Common Emerald Damselfly (Lestes sponsa) (female) - Rutland Egleton
The last dragonfly spotted was my first Ruddy Darter of the year. This too stayed distant, there being a large area of vicious nettles between me and it.

Ruddy Darter (Sympetrum sanguineum) (female) - Rutland Egleton
I also took some photos of a couple of butterflies. I'm quite pleased with the detail in the Large Skipper (a very small butterfly) image. I'm disappointed that the Brimstone was so badly damaged.

Large Skipper (Ochlodes venata) (male) - Rutland Egleton
Brimstone (Gonepteryx rhamni) - Rutland Egleton
We wanted to fit in a visit to the Lyndon side of Rutland Water too, so left the Egleton side a little before 18h00. At the Lyndon side, we set off towards Waderscrape Hide, stopping to photograph a Meadow Brown on the way.

Meadow Brown (Maniola jurtina) (female?) - Rutland Lyndon
Titus continued to Shallow Water Hide, whilst I dropped off at Waderscrape Hide. It was relatively quiet there for a while, but I did take a few images of some Reed Bunting. I think that the first two images are probably of a juvenile, whilst the third (which I include because I've never noticed a Reed Bunting raise its crown like that) is an adult female.

Reed Bunting (Emberiza schoeniclus) (juvenile?) - Rutland Lyndon
Reed Bunting (Emberiza schoeniclus) (female) - Rutland Lyndon
Excitement struck again that day, when a Water Vole came out of the reeds and made directly for a plant in the water, which it them promptly nipped off at water level and took back into the reeds. This was repeated three times and, fortunately, Titus came back during the session in time to witness and photograph the event. I was sitting in totally the wrong place, so most of my photographic attempts were foiled by intervening vegetation. Here's a few 'record shots'.

Water Vole (Arvicola amphibius) - Rutland Lyndon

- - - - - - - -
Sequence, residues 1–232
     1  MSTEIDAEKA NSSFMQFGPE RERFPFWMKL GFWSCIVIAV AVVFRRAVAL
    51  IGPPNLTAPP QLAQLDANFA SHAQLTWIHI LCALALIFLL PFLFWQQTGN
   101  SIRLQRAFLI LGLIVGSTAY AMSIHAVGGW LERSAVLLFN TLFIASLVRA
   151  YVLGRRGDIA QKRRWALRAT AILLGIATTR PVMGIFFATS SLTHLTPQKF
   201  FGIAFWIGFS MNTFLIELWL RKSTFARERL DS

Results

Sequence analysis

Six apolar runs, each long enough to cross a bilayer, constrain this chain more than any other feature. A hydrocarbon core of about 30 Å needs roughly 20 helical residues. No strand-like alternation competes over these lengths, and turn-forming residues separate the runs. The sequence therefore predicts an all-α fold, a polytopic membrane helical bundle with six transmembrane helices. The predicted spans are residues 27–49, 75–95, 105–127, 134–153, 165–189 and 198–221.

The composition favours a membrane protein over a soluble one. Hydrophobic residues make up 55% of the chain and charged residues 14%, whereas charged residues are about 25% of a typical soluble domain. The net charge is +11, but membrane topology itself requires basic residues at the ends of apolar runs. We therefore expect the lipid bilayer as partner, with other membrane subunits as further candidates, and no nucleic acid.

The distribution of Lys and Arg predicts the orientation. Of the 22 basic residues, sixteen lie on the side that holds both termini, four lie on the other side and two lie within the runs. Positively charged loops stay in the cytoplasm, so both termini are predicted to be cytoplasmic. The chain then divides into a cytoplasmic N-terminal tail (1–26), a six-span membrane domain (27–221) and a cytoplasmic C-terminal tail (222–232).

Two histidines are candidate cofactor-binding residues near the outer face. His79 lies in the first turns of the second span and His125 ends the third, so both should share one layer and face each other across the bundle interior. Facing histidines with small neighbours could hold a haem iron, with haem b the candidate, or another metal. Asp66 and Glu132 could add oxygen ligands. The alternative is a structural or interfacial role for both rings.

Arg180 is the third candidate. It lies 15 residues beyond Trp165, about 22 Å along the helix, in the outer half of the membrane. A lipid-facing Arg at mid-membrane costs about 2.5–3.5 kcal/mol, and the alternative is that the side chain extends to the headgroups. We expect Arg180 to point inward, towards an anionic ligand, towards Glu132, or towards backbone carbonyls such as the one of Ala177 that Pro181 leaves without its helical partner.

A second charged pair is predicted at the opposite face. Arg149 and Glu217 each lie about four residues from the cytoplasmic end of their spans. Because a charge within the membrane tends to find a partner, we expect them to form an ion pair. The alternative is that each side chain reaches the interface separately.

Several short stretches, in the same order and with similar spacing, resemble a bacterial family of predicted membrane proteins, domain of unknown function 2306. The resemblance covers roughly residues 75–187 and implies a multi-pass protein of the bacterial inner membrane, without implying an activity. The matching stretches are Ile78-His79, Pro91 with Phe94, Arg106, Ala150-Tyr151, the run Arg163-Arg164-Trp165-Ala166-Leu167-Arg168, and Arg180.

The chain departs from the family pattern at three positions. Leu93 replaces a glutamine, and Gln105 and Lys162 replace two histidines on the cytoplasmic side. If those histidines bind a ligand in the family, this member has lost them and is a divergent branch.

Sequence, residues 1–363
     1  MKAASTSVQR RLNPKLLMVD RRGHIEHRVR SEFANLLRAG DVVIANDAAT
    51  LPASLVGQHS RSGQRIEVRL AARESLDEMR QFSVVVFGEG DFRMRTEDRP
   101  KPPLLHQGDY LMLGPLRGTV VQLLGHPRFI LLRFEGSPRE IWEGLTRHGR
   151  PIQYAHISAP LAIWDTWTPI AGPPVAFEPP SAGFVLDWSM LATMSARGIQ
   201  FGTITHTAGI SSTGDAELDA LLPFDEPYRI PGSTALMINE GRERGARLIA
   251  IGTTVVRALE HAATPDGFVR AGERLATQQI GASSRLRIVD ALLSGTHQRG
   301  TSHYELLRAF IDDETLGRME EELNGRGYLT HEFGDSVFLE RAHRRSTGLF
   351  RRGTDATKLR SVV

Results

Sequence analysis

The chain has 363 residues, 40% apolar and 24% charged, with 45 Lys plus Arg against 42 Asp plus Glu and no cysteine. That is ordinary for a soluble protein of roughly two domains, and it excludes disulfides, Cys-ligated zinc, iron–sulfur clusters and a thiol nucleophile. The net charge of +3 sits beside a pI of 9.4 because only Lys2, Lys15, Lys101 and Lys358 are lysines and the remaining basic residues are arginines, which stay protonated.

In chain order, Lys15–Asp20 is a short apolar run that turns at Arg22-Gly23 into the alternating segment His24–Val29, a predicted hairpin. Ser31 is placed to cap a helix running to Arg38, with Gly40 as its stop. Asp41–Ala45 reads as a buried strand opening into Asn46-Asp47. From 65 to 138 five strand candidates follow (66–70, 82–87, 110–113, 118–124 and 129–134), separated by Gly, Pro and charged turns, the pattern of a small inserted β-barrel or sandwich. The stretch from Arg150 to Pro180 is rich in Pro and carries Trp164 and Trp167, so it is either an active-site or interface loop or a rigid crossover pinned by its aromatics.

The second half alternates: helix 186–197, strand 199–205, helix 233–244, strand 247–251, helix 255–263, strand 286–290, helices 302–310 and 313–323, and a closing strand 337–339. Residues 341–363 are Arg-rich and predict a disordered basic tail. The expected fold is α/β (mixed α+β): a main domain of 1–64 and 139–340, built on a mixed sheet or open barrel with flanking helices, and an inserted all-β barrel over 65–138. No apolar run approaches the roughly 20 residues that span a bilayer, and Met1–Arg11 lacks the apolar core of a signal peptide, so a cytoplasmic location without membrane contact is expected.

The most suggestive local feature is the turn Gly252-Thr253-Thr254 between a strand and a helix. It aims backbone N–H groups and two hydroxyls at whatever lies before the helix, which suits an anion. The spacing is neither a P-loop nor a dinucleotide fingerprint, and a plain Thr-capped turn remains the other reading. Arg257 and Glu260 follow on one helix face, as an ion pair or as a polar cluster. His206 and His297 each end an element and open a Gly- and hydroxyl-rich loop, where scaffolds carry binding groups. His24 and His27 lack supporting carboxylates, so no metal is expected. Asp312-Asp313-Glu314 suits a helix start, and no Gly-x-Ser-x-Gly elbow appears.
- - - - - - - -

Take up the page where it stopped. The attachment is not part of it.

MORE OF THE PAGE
With as few owls to check on during our return journey, Titus and I left at around 19h30, stopping to take a photo of a Whitethroat on a wire above the track as we walked back to the car.

Whitethroat (Sylvia communis) (female) - Rutland Lyndon
We stopped for half our picnic at a point where we can observe Little Owl Sites Nos.34 & 36. Nothing was seen at first and then I spotted a LO slap bang halfway between the two sites. It was hunting from a tree, and then disappearing into the hedge. We suspect that it was feeding a fledged juvenile, but we never did work out which of the two sites it belonged to!

En route to our stop for the second half of our picnic, I grabbed some quick images of a Kestrel on a power pole.

Kestrel (Falco tinnunculus) (female) - near Lowesby
The farmers at LO Site No.41 had been telling us how one of the LOs had been scolding their cat when it came down the road a couple of nights previously. When we arrived at the site, we sat and had the rest of our picnic whilst watching, in the gathering gloom, both adult owls hunting for food and taking it back to the nest hole. At one point, the farm cat came strolling down the road and one of the owls flew down to within a metre of the road and shouted at the cat as it went past. It then continued shouting at the cat and dive-bombed it, and eventually settled on a telegraph pole just above us as the cat walked past us.

Little Owl (Athene noctua) - my Site No.41
We might not have seen any rarities that day, but the day had been interesting, amusing, and exciting - certainly one of the better days!